Everyone has heard about the fake Apple (AAPL) stores in China – also known as flagrant intellectual property infringement of the umpteenth degree in some circles. Interestingly, Reuters reported that Chinese authorities ordered the closure of two stores.
Chinese officials in Kunming have ordered two fake Apple shops to close, not because of piracy or copyright concerns, but because the stores in the southwestern city did not have an official business permit.
Really? No concerns about piracy or copyright infringement whatsoever? And who’s going to open an “Apple Store” and risk the investment without an official business permit - in China, no less.
Piracy and counterfeiting of U.S. software and a wide range of other intellectual property in China cost U.S. businesses alone an estimated $48 billion and 2.1 million jobs in 2009, the U.S. International Trade Commission has said.
But as Gordon Chang pointed out in his blog on Forbes, Apple has stayed silent on the issue, which is rather unusual, especially when the company protects its intellectual property very aggressively, and rightly so.
Surprisingly, Apple has been mum about the stunning revelation. Representatives in both Beijing and Cupertino have declined to offer substantive comments. If someone opened a fake store in, say, Grand Central Station, the company would be blanketing the media with statements vowing to shut down the offending outlet.
Reuters reported that authorities in China had started to investigate electronics stores, and Apple has 13 authorized resellers in Kunming. I am certain that these legitimate businesses were not oblivious to the situation.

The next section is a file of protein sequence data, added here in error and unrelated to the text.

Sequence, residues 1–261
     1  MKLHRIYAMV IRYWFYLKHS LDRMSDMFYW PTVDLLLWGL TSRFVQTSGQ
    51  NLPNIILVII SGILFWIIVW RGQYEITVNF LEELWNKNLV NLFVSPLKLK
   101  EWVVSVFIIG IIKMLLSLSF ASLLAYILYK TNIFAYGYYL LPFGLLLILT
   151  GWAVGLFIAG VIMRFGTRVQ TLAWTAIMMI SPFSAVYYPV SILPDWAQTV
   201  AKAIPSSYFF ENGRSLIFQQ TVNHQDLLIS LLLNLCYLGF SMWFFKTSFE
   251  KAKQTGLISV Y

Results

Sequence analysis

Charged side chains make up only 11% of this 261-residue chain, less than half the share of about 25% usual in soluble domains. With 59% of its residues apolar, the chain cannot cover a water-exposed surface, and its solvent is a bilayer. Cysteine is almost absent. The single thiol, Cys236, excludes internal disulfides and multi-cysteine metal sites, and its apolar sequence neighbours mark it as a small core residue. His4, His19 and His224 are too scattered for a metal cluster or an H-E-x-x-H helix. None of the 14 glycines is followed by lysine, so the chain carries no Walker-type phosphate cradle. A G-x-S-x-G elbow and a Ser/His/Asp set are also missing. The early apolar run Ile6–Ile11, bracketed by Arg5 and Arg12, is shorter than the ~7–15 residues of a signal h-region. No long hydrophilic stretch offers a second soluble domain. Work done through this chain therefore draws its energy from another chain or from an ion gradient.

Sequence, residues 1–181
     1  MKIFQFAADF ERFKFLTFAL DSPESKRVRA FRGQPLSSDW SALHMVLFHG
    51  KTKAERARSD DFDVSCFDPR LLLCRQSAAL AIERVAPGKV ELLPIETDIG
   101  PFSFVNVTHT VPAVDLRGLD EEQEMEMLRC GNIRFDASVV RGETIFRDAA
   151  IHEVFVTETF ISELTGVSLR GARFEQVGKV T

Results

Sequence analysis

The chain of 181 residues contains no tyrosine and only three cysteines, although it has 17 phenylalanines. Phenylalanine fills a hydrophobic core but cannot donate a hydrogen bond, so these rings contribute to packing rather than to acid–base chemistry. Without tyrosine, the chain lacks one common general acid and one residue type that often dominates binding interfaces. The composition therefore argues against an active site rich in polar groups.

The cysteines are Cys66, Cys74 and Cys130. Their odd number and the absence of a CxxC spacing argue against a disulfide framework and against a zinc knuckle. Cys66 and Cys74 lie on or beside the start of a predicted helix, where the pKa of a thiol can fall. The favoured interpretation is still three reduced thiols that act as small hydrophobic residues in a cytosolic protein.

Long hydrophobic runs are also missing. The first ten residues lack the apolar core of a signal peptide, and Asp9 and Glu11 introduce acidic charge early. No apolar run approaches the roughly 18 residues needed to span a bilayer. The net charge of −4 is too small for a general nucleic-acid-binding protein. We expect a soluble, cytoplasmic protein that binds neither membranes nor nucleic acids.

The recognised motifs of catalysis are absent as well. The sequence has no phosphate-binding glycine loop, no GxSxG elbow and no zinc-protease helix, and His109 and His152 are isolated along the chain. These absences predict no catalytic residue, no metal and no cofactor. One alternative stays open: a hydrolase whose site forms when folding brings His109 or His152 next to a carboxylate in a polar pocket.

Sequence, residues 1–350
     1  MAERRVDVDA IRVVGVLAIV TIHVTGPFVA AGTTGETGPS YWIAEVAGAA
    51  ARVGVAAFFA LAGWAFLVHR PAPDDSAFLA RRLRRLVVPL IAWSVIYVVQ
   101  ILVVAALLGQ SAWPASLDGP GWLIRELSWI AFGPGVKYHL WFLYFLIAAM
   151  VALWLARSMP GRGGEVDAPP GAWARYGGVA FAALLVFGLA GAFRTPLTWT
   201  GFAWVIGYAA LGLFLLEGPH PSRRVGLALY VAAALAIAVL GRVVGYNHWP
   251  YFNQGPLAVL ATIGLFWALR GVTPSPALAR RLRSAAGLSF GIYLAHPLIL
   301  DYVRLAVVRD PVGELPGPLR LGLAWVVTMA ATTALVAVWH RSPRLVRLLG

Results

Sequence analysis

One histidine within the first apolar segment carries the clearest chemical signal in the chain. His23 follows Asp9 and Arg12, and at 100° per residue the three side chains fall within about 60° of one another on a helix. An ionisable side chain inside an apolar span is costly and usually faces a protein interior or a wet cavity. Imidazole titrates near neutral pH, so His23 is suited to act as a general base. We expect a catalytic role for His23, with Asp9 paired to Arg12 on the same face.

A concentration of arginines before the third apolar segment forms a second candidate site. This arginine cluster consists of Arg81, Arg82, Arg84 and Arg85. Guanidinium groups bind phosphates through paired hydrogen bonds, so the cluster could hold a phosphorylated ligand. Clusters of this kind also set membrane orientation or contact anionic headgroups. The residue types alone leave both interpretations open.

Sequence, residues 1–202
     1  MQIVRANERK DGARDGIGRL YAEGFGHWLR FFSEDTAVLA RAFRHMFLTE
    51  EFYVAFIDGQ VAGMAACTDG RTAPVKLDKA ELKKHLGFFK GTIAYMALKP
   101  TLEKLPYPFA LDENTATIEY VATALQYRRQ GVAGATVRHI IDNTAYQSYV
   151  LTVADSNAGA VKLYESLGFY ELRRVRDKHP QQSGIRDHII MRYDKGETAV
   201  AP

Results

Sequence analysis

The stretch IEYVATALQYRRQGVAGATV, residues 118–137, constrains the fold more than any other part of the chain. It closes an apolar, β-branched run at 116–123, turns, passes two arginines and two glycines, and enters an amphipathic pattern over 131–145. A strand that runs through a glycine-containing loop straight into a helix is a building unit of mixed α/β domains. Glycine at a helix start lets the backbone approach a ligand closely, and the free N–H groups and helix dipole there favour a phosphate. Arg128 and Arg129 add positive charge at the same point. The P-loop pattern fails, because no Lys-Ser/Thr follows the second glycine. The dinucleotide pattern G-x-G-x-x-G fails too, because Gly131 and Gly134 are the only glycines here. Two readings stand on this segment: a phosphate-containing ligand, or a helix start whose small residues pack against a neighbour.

The inspections will look into business licenses, authorized permits on brand use, and the purchase channel of each store, said a worker with the city's industrial and commercial department.
I have been waiting for a press release to hit the wires, but thus far there’s no response from Apple regarding the issue.
But this story is not so much about Apple as it is about China. Considering that the event took place in a country where any individual is quickly surrounded by the authorities if the act of sneezing does not fall within centrally planned guidelines, one can only wonder as to whom is behind the fake stores.
Common sense tells us that that someone in China with well placed connections is at the root of the problem. After all, we’re not talking about street vendors or deals that take place in a back alley, but rather an elaborate plan conducted openly without a second thought.
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Chances are that the news will eventually become another bullet in a vast history of intellectual property violations in China, and Apple's silence may be the correct strategy. Having said that, the stock will most likely continue its ascent to the next level, traveling along the trend lines in the weekly chart (above), and this latest copyright infringement event will become nothing more than a meaningless side show.